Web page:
A Talk on Group Mania and The Criminal Mind
What is a group mind? And how does it think? When does it stop thinking? Why does it produce the lynch mob. The falsely accused. The criminal. The legally dead. The agitator. The paranoiac. The pervert. The murderers among us. Aggressive subjects and castrated objects. This talk will interrogate the role of outcasts, or those occupying the fringes of social relations, as part of the "total personality" of the group.
This opening talk will offer a psychoanalytic framework that may help us to begin to think about how group dynamics, even at their most destructive, can provide a context for creativity as well as alienation and "queering" of its subjects. What is the function of the marginalized subject in providing the image of freedom from the group while at the same time being dominated by it? How do we seek our revenge? Get justice? What is the role of compliance? What does it defend against?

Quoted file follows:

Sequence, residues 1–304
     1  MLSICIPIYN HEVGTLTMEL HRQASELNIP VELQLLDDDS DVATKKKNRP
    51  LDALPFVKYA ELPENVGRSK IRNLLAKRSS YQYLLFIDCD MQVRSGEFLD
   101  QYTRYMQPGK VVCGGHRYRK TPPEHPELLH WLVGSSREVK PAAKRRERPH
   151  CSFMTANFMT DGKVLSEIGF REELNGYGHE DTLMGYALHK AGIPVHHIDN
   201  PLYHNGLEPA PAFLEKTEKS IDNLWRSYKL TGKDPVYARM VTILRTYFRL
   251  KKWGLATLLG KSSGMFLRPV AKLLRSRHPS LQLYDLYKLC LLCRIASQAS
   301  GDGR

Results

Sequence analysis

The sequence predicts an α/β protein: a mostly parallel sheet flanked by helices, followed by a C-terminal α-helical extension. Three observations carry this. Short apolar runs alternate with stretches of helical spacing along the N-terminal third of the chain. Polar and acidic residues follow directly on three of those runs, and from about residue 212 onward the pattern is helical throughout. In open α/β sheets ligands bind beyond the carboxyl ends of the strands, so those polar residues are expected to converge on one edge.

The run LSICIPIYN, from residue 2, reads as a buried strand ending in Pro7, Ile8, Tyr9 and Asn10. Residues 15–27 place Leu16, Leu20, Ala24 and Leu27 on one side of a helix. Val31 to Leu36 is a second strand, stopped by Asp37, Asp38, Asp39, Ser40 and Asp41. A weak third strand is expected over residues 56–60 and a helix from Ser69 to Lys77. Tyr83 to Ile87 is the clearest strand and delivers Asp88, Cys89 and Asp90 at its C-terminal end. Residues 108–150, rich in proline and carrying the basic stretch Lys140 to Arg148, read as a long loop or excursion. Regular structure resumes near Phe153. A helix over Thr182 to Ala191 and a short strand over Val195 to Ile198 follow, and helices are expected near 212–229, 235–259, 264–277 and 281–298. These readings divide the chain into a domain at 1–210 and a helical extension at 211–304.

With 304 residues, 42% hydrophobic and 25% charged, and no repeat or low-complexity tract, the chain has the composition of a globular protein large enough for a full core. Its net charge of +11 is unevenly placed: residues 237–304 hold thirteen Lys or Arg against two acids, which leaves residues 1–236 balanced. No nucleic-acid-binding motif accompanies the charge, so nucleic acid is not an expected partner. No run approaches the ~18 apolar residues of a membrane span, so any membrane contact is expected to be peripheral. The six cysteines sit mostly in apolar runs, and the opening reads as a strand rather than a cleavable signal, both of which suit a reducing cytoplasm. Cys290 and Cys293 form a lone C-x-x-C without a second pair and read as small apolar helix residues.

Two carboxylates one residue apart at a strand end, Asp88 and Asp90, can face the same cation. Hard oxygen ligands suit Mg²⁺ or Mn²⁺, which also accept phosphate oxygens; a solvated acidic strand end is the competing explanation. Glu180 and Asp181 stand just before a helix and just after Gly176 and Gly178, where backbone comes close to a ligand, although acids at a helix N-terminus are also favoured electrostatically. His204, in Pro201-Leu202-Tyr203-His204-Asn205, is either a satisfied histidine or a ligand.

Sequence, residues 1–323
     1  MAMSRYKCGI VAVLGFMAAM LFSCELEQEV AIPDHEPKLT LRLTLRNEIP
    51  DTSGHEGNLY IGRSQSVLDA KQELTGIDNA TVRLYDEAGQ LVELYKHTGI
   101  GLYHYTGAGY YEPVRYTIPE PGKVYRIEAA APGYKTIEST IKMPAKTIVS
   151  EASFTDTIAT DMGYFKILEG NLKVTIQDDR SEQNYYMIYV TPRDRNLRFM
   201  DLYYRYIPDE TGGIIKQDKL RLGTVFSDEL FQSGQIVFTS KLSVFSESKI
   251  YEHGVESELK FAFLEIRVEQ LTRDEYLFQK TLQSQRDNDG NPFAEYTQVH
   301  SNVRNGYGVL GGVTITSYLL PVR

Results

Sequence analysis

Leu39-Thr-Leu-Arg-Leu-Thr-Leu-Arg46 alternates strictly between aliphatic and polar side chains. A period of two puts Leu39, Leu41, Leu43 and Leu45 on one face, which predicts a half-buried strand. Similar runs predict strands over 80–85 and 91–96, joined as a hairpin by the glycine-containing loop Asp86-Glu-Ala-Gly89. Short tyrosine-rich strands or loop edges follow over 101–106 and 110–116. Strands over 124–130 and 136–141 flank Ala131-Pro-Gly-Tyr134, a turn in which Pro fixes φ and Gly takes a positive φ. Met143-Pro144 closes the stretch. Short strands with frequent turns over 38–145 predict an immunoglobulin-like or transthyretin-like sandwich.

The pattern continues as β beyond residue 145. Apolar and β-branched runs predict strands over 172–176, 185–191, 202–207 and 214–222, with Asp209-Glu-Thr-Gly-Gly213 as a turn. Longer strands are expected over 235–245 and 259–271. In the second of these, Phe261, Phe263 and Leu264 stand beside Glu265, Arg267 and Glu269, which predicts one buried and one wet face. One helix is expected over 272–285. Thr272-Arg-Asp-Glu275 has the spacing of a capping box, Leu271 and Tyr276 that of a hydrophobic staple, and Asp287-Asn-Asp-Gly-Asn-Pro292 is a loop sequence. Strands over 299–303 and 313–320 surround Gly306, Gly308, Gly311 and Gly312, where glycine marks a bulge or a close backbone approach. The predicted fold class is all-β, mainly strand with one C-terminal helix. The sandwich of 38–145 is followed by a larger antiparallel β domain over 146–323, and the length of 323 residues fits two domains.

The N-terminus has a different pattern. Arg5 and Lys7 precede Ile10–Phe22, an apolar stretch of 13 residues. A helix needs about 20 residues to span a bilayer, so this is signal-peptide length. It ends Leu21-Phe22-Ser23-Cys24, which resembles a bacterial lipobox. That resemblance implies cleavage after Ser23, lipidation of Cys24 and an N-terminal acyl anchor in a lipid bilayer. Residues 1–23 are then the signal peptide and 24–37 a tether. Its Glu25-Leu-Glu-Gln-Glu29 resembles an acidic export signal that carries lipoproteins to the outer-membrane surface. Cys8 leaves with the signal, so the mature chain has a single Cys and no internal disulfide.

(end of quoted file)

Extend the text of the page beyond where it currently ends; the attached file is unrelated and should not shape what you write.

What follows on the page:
Through Freud and Klein's theories of identification, projection, and object relating, we can examine how the group becomes part of the individual, and the individual becomes a part of a group. Films such as Fritz Lang's M (1931) and Fury (1936), Lars Von Trier's Dogville, and Todd Field's Little Children(2006,) represent the tension between group phenomena and the valency of individuals to take particularly destructive stances—-as Hans Beckert says in Fritz Lang's M, "nobody knows what it's like to be me."
Cynthia Sailers is the author of Lake Systems (Tougher Disguises,2004). She is currently writing a dissertation at the Wright Institute in Berkeley. She is a board member of Small Press Traffic and previously co-curated the New Yipes Reading Series. Currently she lives in Alameda.